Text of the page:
News That Matters

02/06/2023 ---- 09/06/2023

As global tensions rise and alliances are tested, the upcoming NATO summit on July 11 in Vilnius, Lithuania, is of significant importance. With Finland having already joined the alliance earlier this year, NATO aims to admit Sweden by this date. However, Turkey and Hungary are currently blocking Sweden's accession, with Turkey accusing Sweden of allowing Kurdish terror groups to operate within its borders and being complicit in far-right protests and Quran burnings. This objection comes at a time when NATO has experienced increased unity and defense spending since Russia's invasion of Ukraine, and Turkey's veto could undermine this progress.

The deadline for Sweden's accession holds critical implications for the Western alliance, as missing it could signal weakness to adversaries. In response, the US and UK are offering Sweden assurances and prioritizing its accession, while Turkey seeks approval from the US Congress for its purchase of US-made F-16 fighter jets. Concurrently, Russia claims to have thwarted a major Ukrainian attack in Donetsk, killing 300 troops and destroying 16 tanks. This increase in military activity suggests a Ukrainian counter-offensive may have begun, with Ukrainian ground forces commander Oleksandr Syrskyi reporting troops "moving forward" towards Bakhmut.

Meanwhile, in the Asia-Pacific region, China and Russia conducted a joint aerial strategic patrol on May 24, 2022, marking their sixth joint patrol over the Sea of Japan and the East China Sea. This comes amid rising tensions in the region and no meeting between Chinese and US defense chiefs at the Shangri-La Dialogue in Singapore. The US has made provocations, including sending a spy plane to the South China Sea and partnering with Canada in a warship transit in the Taiwan Straits. NATO's potential expansion into the Asia-Pacific region has raised concerns after Japan announced a plan to open NATO's first liaison office in Asia. The China-Russia joint strategic patrol serves as a counterbalance to US hegemonic actions and demonstrates their capabilities in safeguarding peace and stability in the West Pacific.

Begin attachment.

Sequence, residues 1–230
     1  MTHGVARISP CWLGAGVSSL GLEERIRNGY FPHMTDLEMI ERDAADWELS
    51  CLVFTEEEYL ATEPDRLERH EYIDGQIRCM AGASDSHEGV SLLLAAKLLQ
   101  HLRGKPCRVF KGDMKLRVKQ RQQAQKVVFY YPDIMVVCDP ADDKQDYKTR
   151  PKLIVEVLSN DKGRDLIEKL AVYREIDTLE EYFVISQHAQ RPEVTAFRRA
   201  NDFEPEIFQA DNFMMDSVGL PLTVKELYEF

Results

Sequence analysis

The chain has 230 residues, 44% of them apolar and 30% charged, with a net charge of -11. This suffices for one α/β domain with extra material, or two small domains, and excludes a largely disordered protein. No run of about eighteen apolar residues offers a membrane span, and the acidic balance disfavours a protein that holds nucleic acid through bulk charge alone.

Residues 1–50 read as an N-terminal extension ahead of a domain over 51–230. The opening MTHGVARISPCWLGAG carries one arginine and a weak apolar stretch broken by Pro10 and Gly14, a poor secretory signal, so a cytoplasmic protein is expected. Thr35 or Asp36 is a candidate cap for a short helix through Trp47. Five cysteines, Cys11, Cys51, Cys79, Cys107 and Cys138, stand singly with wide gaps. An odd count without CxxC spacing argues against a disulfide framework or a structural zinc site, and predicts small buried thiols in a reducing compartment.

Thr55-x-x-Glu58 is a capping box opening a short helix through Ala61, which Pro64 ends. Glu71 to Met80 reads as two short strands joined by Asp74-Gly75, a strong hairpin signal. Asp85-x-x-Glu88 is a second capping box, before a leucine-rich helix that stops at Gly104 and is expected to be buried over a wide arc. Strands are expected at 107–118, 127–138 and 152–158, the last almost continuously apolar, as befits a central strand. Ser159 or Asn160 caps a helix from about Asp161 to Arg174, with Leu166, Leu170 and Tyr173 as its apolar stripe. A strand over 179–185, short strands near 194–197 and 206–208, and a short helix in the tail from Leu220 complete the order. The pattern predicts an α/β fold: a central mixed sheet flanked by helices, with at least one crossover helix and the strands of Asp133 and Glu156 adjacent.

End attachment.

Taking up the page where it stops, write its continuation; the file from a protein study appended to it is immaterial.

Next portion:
Back in Europe, the Kakhovka Hydroelectric Power Plant dam was destroyed in southern Ukraine, causing thousands of people to be evacuated from surrounding areas due to flooding. Ukraine's military and NATO accuse Russia of blowing up the dam, while Russia blames Ukraine. The dam, built during the Soviet era, is one of six dams along the Dnipro river and holds water equal to the Great Salt Lake in Utah, US. The breach in the dam has caused flooding downstream in the direction of Kherson, impacting 16,000 people living in the critical zone and contaminating the river with 150 tonnes of industrial lubricant. The International Atomic Energy Agency is monitoring the situation, as the dam supplies water to communities, farmers, and the nuclear power station at Zaporizhzhia. The dam is also vital for carrying water to Russian-occupied Crimea, and its destruction could worsen Ukraine's energy problem and disrupt irrigation in Crimea.

As the global chessboard of conflict unfolds, the upcoming NATO summit and Sweden's potential accession hold significant implications for the balance of power. The interconnected nature of global politics means that decisions made in one part of the world can have ripple effects elsewhere, and all eyes will be on Vilnius come July 11. Will NATO maintain its unity and continue to expand, or will internal divisions and external pressures cause the alliance to falter? Only time will tell.


Recent findings from The Ocean Race have revealed alarming concentrations of microplastics in the world's oceans, including the most remote areas. With concentrations up to 1,884 particles per cubic meter of seawater, this is an 18-fold increase from the 2017-18 Ocean Race. Microplastics, tiny plastic particles measuring between 0.03 mm and 5 mm, pose a significant threat to marine life and ecosystems.